Numbers Show Tundra Is Poised to Eclipse GMC Sierra, Possibly Overtake Ram 1500
Over the last few weeks, PickupTrucks.com has published both 2012 half-ton retail sales figures and 2012 total half-ton sales, which gives us the data we need to talk about “fleet mix,” or the percentage of trucks that Ford, GM, Ram-Fiat, Toyota, and Nissan sell to fleets.
- F-150 sales – 19.1% fleet
- Sierra 1500/Silverado 1500 sales – 11.5% fleet
- Ram 1500 – 12.3% fleet
- Tundra – 4.2% fleet
- Titan – 16.5% fleet
These numbers show that Ford is the king of fleet sales, and that Toyota doesn’t depend on fleet transactions nearly as much as the rest of the truck manufacturers listed.
Why does this matter? Because fleet sales should never be compared to retail sales, as a fleet buyer has very little in common with a retail buyer (more on that below). Yet despite this inequality between a fleet buyer and a retail buyer, Ford, GM, and Ram-Fiat are never shy about quoting total sales numbers (which include fleet) and then using these numbers to brag about their “increased share.”
Specifically, if we look at retail numbers only, Toyota’s share of the retail half-ton truck market is about 9.5%, and that number is only going to grow as the 2014 model hits the street.
Tundra Sales Poised to Grow
Whenever a new model hits the ground, sales improve. Both Toyota and GM are bringing new trucks to the market this year, so they should both see growth from the numbers below (graphic borrowed from PickupTrucks.com).
Ram, on the other hand, is on the wrong side of the new model launch curve. Instead of selling the hell out of their new truck with lots of new features, they’re spinning their wheels trying to overcome production issues (including workers sabotaging new trucks, if you can believe it). Ram still hasn’t delivered trucks with the new Pentastar V6 (at least not in volume), their air suspension system isn’t available yet, etc.
If you launch a new truck but can’t get it to market before GM and Toyota launch their new trucks, than you’ve squandered your opportunity. Therefore, I don’t see Ram sales growing in 2013 at a rate any better than the rest of the industry. In fact, we may see them underachieve (which, incidentally, is what the early figures are showing, as Ram sales are only up 8% compared to 20% for the rest of the industry).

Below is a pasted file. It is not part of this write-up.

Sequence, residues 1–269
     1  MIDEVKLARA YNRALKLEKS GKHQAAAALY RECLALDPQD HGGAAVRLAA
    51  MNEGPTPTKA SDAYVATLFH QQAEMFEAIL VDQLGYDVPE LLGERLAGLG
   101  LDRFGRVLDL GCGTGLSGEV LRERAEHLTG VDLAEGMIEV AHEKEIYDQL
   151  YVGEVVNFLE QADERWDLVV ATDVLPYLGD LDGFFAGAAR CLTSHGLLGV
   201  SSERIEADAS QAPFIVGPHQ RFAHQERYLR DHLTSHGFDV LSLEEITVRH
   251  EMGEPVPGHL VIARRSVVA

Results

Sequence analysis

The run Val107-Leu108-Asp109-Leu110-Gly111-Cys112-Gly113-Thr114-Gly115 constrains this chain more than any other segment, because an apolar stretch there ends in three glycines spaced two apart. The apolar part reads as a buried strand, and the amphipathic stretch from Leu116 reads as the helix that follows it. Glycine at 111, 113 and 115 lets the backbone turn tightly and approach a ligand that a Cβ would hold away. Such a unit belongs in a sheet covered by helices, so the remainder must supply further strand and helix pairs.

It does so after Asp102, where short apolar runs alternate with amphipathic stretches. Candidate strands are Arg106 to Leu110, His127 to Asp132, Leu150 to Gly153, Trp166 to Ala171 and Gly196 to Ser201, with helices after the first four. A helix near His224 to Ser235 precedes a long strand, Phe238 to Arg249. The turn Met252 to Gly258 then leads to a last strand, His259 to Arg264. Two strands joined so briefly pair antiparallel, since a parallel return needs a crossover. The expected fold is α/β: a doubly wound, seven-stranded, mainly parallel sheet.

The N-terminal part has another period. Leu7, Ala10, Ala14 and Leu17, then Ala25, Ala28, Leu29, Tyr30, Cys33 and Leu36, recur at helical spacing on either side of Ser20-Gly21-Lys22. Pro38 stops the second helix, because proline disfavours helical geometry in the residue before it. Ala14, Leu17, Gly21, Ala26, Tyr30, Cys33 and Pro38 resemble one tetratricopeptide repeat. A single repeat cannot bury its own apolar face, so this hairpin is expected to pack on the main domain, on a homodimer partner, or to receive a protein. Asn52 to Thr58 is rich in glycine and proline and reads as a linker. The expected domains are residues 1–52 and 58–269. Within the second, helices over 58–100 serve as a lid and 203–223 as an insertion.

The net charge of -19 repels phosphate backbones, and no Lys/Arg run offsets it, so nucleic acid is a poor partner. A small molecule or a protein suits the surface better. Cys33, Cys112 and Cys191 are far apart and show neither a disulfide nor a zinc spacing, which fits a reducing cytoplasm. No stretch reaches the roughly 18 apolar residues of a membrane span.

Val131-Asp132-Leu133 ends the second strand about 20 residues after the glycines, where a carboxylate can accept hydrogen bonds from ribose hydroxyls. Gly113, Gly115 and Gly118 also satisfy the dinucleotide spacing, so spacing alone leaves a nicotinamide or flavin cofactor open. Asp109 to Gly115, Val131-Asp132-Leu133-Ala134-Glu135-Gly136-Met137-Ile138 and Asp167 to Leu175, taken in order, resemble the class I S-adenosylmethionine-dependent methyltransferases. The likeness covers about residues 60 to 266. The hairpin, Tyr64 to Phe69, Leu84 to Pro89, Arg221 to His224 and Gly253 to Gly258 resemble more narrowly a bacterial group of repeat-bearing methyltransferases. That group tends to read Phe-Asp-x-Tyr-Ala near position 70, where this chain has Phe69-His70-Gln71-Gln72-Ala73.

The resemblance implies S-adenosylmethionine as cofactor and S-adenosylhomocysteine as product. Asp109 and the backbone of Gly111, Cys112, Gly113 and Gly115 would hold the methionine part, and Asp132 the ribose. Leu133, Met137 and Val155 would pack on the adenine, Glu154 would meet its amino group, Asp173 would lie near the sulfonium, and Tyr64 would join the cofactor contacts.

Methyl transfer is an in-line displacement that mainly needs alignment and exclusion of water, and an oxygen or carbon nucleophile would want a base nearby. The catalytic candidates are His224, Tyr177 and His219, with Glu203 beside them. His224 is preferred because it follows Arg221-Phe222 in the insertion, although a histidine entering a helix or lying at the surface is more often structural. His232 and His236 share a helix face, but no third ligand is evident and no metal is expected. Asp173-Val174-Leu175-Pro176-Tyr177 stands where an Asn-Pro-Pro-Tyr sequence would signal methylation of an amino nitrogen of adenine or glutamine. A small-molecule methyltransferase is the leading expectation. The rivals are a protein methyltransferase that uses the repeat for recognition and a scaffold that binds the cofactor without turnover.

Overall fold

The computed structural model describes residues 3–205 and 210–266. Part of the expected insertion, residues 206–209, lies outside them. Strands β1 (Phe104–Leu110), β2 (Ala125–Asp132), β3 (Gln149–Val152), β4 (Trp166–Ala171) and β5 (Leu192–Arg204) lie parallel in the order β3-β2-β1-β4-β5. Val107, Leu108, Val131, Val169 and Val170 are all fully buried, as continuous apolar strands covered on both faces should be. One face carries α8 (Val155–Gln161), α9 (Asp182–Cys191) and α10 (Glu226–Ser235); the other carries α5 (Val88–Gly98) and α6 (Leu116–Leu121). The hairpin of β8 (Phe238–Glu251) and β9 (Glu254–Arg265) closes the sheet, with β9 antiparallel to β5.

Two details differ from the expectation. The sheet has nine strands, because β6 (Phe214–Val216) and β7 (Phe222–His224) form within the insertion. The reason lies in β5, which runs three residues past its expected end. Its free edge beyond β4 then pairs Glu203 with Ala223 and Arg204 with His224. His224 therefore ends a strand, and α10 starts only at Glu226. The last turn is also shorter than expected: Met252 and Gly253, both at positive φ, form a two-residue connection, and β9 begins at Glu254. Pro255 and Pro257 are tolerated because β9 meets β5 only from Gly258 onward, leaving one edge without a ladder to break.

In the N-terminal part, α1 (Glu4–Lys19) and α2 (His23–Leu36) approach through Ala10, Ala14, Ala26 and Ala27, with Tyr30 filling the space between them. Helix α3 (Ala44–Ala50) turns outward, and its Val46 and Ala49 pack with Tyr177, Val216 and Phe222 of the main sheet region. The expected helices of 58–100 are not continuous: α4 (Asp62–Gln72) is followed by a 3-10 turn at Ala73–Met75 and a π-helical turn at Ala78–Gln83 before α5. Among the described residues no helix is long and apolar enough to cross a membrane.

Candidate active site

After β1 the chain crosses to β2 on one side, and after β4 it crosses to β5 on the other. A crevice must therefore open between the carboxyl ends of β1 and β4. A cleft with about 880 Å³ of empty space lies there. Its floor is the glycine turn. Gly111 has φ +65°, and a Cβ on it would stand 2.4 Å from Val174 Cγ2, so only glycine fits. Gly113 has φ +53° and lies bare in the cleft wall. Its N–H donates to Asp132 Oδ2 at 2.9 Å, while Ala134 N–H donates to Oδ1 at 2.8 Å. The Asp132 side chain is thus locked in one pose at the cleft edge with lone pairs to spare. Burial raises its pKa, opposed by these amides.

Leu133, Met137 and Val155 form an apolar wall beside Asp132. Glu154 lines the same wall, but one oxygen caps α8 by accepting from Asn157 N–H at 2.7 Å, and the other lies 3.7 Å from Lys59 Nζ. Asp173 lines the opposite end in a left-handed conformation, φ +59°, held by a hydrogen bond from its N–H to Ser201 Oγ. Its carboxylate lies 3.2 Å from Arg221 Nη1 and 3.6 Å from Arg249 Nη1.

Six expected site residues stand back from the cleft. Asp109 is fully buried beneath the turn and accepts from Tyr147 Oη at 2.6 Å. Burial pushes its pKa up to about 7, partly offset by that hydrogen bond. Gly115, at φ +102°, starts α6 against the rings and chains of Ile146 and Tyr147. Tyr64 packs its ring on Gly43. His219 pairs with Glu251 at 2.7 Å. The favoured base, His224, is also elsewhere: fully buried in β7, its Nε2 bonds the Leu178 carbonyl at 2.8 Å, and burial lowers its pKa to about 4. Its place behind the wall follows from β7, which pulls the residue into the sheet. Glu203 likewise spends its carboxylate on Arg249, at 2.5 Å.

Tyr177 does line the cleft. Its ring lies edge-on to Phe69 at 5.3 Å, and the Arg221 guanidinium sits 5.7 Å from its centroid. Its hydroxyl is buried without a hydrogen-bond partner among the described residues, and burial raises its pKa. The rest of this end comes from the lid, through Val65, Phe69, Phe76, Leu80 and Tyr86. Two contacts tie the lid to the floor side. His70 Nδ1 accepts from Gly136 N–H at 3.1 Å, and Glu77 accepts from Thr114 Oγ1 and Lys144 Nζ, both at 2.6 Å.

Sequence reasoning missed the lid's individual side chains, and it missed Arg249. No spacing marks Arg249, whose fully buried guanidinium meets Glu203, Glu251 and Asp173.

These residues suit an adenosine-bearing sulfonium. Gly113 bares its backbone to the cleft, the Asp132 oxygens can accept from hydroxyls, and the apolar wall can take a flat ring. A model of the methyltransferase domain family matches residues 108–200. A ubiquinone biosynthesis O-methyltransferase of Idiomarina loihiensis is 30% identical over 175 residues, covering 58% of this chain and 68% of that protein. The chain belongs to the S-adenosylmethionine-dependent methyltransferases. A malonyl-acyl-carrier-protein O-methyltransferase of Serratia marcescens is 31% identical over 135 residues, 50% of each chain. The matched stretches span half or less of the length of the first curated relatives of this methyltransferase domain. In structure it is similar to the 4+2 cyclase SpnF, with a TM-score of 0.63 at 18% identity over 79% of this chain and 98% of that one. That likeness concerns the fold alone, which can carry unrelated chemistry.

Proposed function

Then we have GMC. The sales gap between the GMC and the Tundra is very close, and the Tundra is 2-3 good sales months away from tying GMC sales. That would be historic (only, admittedly, sales figures really don’t matter, so this is all about bragging rights).
My Soapbox – Why Fleet Sales Can’t Be Compared to Retail Sales
Fleet buyers care about one thing: cost. How much does the truck cost today, how much will it cost tomorrow, etc. When fleet purchasers evaluate pickups, they look at a handful of costs and concerns:
- Total up-front cost
- Long-term cost
- Resale value
- Cash flow
As I wrote a couple of years ago, the math works out in such a way that it’s really the total up-front cost that drives fleet sales, as operating costs are roughly equivalent from one model to the next, and resale value isn’t really important to buyers who drive their trucks into the ground.
Good commercial financing (like the programs offered by Ford Motor Credit) can also help promote fleet sales, as they can reduce the cash flow hit that business must take when they invest in new equipment.
The point? When you hear a Ford or GM fan tell you about how many trucks their favorite company sells, you can explain that a big chunk of those sales are the cheapest trucks on the planet, and that anyone can get that fleet business…they just have to be cheap enough.
Kudos to Ford, GM, and Ram-Fiat for making their trucks so cheaply.
Filed Under: Auto News